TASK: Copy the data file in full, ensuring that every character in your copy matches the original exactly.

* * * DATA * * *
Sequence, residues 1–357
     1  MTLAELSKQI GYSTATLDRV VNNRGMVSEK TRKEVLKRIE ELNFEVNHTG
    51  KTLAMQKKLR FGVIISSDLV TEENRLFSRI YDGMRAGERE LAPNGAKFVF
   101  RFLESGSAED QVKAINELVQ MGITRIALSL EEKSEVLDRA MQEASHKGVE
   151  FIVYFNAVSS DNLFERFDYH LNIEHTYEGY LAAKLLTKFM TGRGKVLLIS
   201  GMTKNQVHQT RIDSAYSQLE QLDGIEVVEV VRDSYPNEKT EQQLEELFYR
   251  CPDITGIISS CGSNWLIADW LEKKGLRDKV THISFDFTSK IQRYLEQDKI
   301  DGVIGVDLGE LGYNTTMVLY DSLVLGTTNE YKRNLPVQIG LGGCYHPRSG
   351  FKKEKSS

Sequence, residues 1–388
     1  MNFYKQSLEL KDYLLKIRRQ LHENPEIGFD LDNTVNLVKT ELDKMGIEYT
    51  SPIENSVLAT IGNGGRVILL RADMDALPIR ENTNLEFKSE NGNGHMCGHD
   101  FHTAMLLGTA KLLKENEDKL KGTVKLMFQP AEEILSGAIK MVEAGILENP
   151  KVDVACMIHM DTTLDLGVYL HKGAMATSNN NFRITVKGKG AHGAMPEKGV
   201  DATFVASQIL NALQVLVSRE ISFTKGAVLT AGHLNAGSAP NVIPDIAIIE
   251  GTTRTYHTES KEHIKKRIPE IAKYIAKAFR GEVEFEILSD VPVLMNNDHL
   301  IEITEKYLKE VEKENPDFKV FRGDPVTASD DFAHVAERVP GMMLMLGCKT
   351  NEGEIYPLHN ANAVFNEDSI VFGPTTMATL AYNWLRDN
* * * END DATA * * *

Sequence, residues 1–357
     1  MTLAELSKQI GYSTATLDRV VNNRGMVSEK TRKEVLKRIE ELNFEVNHTG
    51  KTLAMQKKLR FGVIISSDLV TEENRLFSRI YDGMRAGERE LAPNGAKFVF
   101  RFLESGSAED QVKAINELVQ MGITRIALSL EEKSEVLDRA MQEASHKGVE
   151  FIVYFNAVSS DNLFERFDYH LNIEHTYEGY LAAKLLTKFM TGRGKVLLIS
   201  GMTKNQVHQT RIDSAYSQLE QLDGIEVVEV VRDSYPNEKT EQQLEELFYR
   251  CPDITGIISS CGSNWLIADW LEKKGLRDKV THISFDFTSK IQRYLEQDKI
   301  DGVIGVDLGE LGYNTTMVLY DSLVLGTTNE YKRNLPVQIG LGGCYHPRSG
   351  FKKEKSS

Sequence, residues 1–388
     1  MNFYKQSLEL KDYLLKIRRQ LHENPEIGFD LDNTVNLVKT ELDKMGIEYT
    51  SPIENSVLAT IGNGGRVILL RADMDALPIR ENTNLEFKSE NGNGHMCGHD
   101  FHTAMLLGTA KLLKENEDKL KGTVKLMFQP AEEILSGAIK MVEAGILENP
   151  KVDVACMIHM DTTLDLGVYL HKGAMATSNN NFRITVKGKG AHGAMPEKGV
   201  DATFVASQIL NALQVLVSRE ISFTKGAVLT AGHLNAGSAP NVIPDIAIIE
   251  GTTRTYHTES KEHIKKRIPE IAKYIAKAFR GEVEFEILSD VPVLMNNDHL
   301  IEITEKYLKE VEKENPDFKV FRGDPVTASD DFAHVAERVP GMMLMLGCKT
   351  NEGEIYPLHN ANAVFNEDSI VFGPTTMATL AYNWLRDN